The Colorado River Basin Salinity Control Project is located in Montrose County, on the western border of Colorado. The project diverts naturally occurring seepage of salt brine that would normally flow into the Delores River (and then into the Colorado River) and injects the brine underground. The project is operated by the U.S. Department of the Interior, Bureau of Reclamation. Due to concerns of induced seismicity, seismic data for this project have been continuously recorded and analyzed since the project began in 1996 in order to understand and mitigate the effects of any induced seismic events.
The Paradox Valley Unit (PVU) is a group of wells that are part of this project. The brine is produced from nine extraction wells before it can flow into the Delores River. The brine is then injected into one disposal well. The well is located near the town of Bedrock, Colorado, approximately 1 mile southwest of the extraction wells. The well injects the brine into a limestone formation at a depth of approximately 14,100 to 15,750 feet. The project began in July 1996 with an initial injection rate of 345 gallons per minute at a pressure of 4,900 psi. Current injection rates are approximately 230 gallons per minutes at a pressure of 5,300 psi.
The possibility of induced seismicity was addressed during the planning stages of the PVU injection program because the Paradox Valley Unit injection program was comparable to both the injection programs at the Rocky Mountain Arsenal northeast of Denver and the water injection program for improved oil recovery at Rangely, Colorado. Eight years before injection was begun at the PVU site, the Bureau of Reclamation commissioned a seismic monitoring network to measure the seismic activity in the Paradox Valley region. The original network consisted of 10 seismic monitoring stations. The system was upgraded to 16 stations after the injection began in 1996 and currently totals 20 stations.
Earthquakes were recorded almost immediately after the beginning of injection in July 1996 with the first seismic event measured in November 1996. Minor earthquakes continued through mid-1999, and two magnitude 3.5 events occurred in June and July 1999. In response to the higher-magnitude earthquakes, the Bureau of Reclamation initiated a program to cease injection for 20 days every 6 months. Prior to these events they had noted the rate of seismicity had decreased during the shutdowns following unscheduled maintenance. The Bureau of Reclamation hoped stopping injection twice yearly would allow time for the injection fluid to diffuse from the pressurized fractures into the rock matrix.
After a magnitude 4.3 earthquake occurred in May 2000, PVU stopped injection for 28 days to allow evaluation of the injection program and its relationship to induced seismic
events. After analysis the injection rate was decreased by one-third from 345 gallons per minute to 230 gallons per minute. The program of ceasing injection for 20 days twice per year was also continued from June 2000 to January 2002 as were the lower injection rates.
In January 2002 the injection fluid was changed to 100 percent brine water from a mixture of 70 percent brine with 30 percent freshwater, which was the injection mixture from the start of the project. This heavier fluid increased the hydrostatic pressure measured at the bottom of the injection well but no difference in the rate of induced seismicity resulted from this change.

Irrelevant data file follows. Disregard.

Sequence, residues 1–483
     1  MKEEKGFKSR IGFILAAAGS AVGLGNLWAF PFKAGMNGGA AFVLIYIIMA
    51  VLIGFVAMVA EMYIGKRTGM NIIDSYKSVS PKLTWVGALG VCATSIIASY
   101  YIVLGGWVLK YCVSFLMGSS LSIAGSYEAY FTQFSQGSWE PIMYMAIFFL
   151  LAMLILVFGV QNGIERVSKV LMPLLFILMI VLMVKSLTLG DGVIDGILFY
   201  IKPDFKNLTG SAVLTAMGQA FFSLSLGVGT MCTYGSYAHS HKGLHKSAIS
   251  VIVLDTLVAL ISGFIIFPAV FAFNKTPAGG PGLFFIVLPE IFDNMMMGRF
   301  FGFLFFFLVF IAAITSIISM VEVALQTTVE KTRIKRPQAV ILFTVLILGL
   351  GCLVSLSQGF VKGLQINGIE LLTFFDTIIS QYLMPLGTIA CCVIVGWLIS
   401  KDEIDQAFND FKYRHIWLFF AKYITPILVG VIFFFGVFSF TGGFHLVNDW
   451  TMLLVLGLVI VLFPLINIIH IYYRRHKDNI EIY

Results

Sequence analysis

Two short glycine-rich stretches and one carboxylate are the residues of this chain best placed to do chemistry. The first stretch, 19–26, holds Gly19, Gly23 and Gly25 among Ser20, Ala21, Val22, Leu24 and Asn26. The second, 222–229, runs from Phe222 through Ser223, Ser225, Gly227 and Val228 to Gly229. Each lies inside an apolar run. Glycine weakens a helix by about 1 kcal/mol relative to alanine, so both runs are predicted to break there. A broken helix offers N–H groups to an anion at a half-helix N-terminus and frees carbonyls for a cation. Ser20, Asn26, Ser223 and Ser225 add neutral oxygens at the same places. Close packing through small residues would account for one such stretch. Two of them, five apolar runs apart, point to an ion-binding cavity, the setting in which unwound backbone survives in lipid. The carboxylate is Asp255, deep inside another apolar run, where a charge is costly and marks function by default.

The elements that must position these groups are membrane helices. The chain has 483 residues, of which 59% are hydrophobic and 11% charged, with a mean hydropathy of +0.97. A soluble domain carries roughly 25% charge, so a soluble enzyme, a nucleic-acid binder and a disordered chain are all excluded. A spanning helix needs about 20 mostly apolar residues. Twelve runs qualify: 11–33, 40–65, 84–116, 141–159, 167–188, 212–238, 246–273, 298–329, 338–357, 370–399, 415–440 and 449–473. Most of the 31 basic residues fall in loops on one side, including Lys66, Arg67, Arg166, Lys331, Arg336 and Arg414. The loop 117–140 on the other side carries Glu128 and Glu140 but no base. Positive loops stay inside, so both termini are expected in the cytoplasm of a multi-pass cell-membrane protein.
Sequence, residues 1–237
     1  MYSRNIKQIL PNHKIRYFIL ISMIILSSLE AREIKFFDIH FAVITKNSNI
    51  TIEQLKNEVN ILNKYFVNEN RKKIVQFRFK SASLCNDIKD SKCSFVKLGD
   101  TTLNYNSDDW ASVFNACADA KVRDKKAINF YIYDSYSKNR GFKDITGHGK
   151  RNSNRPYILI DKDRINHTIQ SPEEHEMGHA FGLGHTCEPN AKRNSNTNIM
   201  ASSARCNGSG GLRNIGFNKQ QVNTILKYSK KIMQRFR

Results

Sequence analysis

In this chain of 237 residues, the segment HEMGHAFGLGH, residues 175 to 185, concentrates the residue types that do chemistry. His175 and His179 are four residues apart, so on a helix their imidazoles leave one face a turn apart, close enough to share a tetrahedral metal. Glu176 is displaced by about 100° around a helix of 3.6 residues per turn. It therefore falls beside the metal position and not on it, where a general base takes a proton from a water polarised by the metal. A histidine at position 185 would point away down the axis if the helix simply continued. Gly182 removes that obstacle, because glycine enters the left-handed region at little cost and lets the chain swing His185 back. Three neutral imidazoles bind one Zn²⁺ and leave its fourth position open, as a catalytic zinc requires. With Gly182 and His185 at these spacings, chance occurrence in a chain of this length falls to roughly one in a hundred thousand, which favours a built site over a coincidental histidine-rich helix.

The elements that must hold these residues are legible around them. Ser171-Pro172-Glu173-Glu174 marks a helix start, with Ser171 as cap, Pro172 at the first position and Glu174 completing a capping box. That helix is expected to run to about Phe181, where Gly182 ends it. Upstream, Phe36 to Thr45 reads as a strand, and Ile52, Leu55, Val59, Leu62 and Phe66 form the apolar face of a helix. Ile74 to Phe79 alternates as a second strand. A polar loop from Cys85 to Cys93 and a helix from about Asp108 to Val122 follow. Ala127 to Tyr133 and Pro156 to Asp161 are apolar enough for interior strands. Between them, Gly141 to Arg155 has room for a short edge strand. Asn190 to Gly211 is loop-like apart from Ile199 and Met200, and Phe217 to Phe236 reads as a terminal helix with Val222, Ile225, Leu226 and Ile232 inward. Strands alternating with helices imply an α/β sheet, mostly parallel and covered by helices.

After monitoring injection into the Paradox Valley Unit injection well for almost 15 years, the Bureau of Reclamation has recorded over 4,600 induced seismic events. The largest seismic event occurred on May 27, 2000, and had a magnitude of 4.3 (see Figure K.1). After reviewing data on injection volume, injection rate, downhole pressure, and percent of days injecting, the Bureau of Reclamation noted, “Of the four injection parameters investigated, the downhole pressure exhibits the best correlation with the occurrence of near-well seismicity over time” (Bureau of Reclamation, 2009). The Bureau of Reclamation also noted the record of seismic activity appears to be divided into three distinct clusters occurring from 1997 to January 2000, 2003 to 2005, and July 2008 to the present. The Bureau of Reclamation concludes, “There appears to be a gross correlation between the three periods of increased near-well seismic activity and periods of increased time-averaged injection pressures” (Bureau of Reclamation, 2010). These conclusions reiterate the results of other investigations into the cause of induced seismicity initiated by underground injection.
The Bureau of Reclamation continues to inject saline fluids underground as part of the Colorado River Basin Salinity Control Project, and it continues to control induced seismicity by the biennial shutdown of injection activity and by limiting the volume of fluid injected. Both of these actions minimize downhole injection pressure in an effort to limit induced seismic events.
FIGURE K.1 Twenty-year data set collected by the Bureau of Reclamation for the Paradox Valley project. Upper figure shows the average daily injection flow rate in gallons per minute. Lower figure shows all induced events and their magnitudes over the same period with distance from the injection well. SOURCE: Block (2011).
Block, L. 2011. Paradox Valley Deep Disposal Well and Induced Seismicity. Presentation to the National Research Council Committee on Induced Seismicity Potential in Energy Technologies, Dallas, TX, September 14.
Bureau of Reclamation. 2009. Overview of PVU-Induced Seismicity from 1996 to 2009 and implications for Future Injection Operations. Technical Memorandum No. 86-68330-2009-22.
Bureau of Reclamation. 2010. 2009 Annual Report Paradox Valley Seismic Network, Paradox Valley Project, Colorado. Technical Memorandum No. 86-68330-2010-07.